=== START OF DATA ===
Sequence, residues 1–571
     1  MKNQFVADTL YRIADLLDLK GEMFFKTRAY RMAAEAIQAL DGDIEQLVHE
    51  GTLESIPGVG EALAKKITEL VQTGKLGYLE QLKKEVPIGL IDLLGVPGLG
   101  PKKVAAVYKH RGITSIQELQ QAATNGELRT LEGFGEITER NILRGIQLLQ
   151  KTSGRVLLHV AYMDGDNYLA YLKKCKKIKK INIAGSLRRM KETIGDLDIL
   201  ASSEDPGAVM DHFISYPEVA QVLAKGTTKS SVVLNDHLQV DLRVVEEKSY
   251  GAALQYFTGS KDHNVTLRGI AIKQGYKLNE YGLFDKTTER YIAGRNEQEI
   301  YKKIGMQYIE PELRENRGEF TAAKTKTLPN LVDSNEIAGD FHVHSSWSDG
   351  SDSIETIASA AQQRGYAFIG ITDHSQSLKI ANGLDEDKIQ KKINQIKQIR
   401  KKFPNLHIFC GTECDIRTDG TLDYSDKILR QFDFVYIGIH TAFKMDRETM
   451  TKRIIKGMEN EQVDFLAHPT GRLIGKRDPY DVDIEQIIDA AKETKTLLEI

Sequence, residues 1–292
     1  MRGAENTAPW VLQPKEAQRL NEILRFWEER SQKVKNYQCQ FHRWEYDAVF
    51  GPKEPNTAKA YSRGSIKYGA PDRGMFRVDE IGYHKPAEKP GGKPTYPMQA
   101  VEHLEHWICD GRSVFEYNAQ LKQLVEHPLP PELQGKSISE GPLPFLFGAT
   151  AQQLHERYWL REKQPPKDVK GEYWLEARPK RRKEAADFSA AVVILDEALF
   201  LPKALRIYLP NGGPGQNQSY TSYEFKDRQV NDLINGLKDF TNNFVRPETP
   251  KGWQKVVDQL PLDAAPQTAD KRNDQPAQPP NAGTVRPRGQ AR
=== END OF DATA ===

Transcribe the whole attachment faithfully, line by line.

Sequence, residues 1–571
     1  MKNQFVADTL YRIADLLDLK GEMFFKTRAY RMAAEAIQAL DGDIEQLVHE
    51  GTLESIPGVG EALAKKITEL VQTGKLGYLE QLKKEVPIGL IDLLGVPGLG
   101  PKKVAAVYKH RGITSIQELQ QAATNGELRT LEGFGEITER NILRGIQLLQ
   151  KTSGRVLLHV AYMDGDNYLA YLKKCKKIKK INIAGSLRRM KETIGDLDIL
   201  ASSEDPGAVM DHFISYPEVA QVLAKGTTKS SVVLNDHLQV DLRVVEEKSY
   251  GAALQYFTGS KDHNVTLRGI AIKQGYKLNE YGLFDKTTER YIAGRNEQEI
   301  YKKIGMQYIE PELRENRGEF TAAKTKTLPN LVDSNEIAGD FHVHSSWSDG
   351  SDSIETIASA AQQRGYAFIG ITDHSQSLKI ANGLDEDKIQ KKINQIKQIR
   401  KKFPNLHIFC GTECDIRTDG TLDYSDKILR QFDFVYIGIH TAFKMDRETM
   451  TKRIIKGMEN EQVDFLAHPT GRLIGKRDPY DVDIEQIIDA AKETKTLLEI

Sequence, residues 1–292
     1  MRGAENTAPW VLQPKEAQRL NEILRFWEER SQKVKNYQCQ FHRWEYDAVF
    51  GPKEPNTAKA YSRGSIKYGA PDRGMFRVDE IGYHKPAEKP GGKPTYPMQA
   101  VEHLEHWICD GRSVFEYNAQ LKQLVEHPLP PELQGKSISE GPLPFLFGAT
   151  AQQLHERYWL REKQPPKDVK GEYWLEARPK RRKEAADFSA AVVILDEALF
   201  LPKALRIYLP NGGPGQNQSY TSYEFKDRQV NDLINGLKDF TNNFVRPETP
   251  KGWQKVVDQL PLDAAPQTAD KRNDQPAQPP NAGTVRPRGQ AR